Smart Grid in Bangladesh Energy Sector

Smart Grid Technology Can Ensure Market Competition, Efficiency and Sustainable Energy Security in Bangladesh
  • Sakib Bin AminEmail author
  • Saanjaana Rahman


Smart grid can be considered as a future of the power grid which can manage the production, transmission and distribution of electricity by modern technology to resolve many issues of current power grid systems. It is a recommended tool for Bangladesh’s energy sector development, considering its immense benefits and potential. For example, smart grids allow consumers of electricity also to become electricity producers through which the extra electricity produced can also be utilised into the national grid. Smart grids can actively increase electricity efficiency by lowering the costs of electricity generation, delivery and consumption. Setting up solar-based microsmart grids for renewable electricity generation can contribute in the form of off-grid electricity supply which can commendably tackle the problem of low rural electrification rate. However, adoption of this technology can be a challenging task ahead of the government due to weak infrastructure. It is advisable for Bangladesh to undertake pilot projects and gradually develop its infrastructure before going for large-scale transformations.


Smart grid Bangladesh Distribution Technology Cost Benefit Development Electrification Power 


  1. Ahlborg, H., Boräng, F., Jagers, S. C., & Söderholm, P. (2015). Provision of electricity to African households: The importance of democracy and institutional quality. Energy Policy, 87, 125–135. Scholar
  2. Amin, S. B., & Murshed, M. (2017). Smart grid system to curb electricity crisis in Bangladesh. A Report Published in the Daily Asian Age on 11 March 2017. Available at
  3. BERB. (2017). Modernization of power distribution-smart grid in Bangladesh: Invitation for expression of interest for feasibility study for the project renovation of wooden pole substations. Bangladesh Rural Electrification Board (BREB). Available at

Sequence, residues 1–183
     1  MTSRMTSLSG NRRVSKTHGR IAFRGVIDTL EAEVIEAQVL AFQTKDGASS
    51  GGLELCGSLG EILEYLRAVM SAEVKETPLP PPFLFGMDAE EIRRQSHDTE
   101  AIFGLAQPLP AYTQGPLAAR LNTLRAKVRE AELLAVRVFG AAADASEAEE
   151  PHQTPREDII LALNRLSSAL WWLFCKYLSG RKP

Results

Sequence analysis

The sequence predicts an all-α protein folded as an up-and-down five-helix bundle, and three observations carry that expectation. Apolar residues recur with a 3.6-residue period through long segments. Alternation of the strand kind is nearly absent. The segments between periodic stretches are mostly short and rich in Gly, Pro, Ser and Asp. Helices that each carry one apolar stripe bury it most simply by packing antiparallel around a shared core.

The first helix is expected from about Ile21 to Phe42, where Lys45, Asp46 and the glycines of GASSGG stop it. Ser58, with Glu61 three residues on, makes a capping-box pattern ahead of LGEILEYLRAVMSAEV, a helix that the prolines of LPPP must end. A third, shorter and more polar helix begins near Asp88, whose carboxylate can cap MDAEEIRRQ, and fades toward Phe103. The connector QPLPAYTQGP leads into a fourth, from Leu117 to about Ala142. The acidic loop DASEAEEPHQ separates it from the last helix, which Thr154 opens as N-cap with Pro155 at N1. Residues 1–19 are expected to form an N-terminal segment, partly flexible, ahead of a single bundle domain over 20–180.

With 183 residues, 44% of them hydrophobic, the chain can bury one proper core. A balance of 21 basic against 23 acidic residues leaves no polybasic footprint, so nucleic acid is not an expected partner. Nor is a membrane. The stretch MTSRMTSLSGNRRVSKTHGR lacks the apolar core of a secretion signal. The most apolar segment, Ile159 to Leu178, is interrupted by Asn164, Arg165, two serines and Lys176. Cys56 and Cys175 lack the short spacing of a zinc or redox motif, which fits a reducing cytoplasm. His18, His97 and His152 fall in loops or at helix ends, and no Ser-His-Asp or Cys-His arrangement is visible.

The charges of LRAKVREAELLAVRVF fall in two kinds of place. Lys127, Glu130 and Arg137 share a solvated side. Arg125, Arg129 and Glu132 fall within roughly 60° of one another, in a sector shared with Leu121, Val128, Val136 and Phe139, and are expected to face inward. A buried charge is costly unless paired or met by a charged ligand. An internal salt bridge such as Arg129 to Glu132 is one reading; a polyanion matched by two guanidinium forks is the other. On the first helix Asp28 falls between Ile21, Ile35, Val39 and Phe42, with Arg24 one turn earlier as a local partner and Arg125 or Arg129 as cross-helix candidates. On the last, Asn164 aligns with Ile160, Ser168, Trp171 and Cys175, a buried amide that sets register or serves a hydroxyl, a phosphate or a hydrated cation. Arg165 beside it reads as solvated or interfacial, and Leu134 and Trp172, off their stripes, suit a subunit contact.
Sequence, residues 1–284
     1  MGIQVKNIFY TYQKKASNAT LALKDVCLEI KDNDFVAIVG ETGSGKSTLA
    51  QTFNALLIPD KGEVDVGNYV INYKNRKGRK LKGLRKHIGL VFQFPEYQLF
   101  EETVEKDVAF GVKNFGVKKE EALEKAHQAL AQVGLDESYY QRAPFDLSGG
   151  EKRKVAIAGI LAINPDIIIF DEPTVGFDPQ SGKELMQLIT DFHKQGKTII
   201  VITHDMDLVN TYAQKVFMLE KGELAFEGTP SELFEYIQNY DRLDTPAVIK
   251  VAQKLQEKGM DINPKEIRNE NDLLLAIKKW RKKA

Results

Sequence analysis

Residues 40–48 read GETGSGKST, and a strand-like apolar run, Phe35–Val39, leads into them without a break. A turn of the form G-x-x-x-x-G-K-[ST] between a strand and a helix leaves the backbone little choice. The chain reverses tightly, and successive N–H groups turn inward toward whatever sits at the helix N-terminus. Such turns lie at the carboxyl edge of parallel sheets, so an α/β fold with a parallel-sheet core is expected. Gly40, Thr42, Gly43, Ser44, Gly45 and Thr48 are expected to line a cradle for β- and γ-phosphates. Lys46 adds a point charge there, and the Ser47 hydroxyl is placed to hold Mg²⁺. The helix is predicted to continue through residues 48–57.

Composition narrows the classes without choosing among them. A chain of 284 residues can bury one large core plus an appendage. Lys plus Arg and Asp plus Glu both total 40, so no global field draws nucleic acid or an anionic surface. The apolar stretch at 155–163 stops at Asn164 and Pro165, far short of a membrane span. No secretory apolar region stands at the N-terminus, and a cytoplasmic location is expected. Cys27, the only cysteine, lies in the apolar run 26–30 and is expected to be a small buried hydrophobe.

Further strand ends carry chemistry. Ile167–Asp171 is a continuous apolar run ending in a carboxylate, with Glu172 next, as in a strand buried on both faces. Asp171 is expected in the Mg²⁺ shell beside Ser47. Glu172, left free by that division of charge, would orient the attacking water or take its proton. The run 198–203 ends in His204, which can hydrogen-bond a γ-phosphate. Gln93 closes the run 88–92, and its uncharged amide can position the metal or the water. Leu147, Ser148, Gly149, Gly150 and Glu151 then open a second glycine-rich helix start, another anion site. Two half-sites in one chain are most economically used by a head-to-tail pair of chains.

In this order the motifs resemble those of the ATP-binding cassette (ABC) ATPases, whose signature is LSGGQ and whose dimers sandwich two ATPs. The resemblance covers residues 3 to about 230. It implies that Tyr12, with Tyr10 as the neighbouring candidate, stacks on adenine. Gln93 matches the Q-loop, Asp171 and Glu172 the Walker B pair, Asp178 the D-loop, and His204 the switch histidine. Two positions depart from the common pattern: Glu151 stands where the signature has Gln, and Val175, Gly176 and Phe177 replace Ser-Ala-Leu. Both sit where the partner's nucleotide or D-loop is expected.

4. Fadaeenejad, M., Saberian, A. M., Fadaee, M., Radzi, M. A. M., Hizam, H., & Abkadir, M. Z. A. (2014). The present and future of smart power grid in developing countries. Renewable and Sustainable Energy Reviews, 29, 828–834. Scholar
  5. Goulden, M., Bedwell, B., Rennick-Egglestone, F., Rodden, T., & Spence, R. (2014). Smart grids, smart users? The role of the user in demand side management. Energy Research and Social Science, 2, 21–29. Scholar
  6. Gupta, N., & Jain, A. (2011). Smart grids in India. RE Feature, 5(1), 38–41. Available at
  7. IEA. (2017a). Technology roadmap: Smart grid. International Energy Agency. Available at
  8. IEA. (2017b). Global Energy and CO2 Status Report 2017. International Energy Agency. Available at
  9. Labandeira, X., & Manzano, B. (2012). Some economic aspects of energy security. Economics for Energy. Vigo: Economics for Energy, 15(4), 47–63. Available at
  10. Nordling, A., Pädam, S., Burén, C., & Jörgensen, W. S. P. (2018). Social costs and benefits of smart grid technologies. The Swedish Smart Grid Forum. Available at
  11. Roy, N. (2018). DPDC to install smart grids for the first time in Bangladesh, a report published in the Daily Dhaka Tribune on 5 May 2018. Available at

Copyright information

© Springer Nature Switzerland AG 2019

Authors and Affiliations

  1. 1.School of Business and EconomicsNorth South UniversityDhakaBangladesh

Personalised recommendations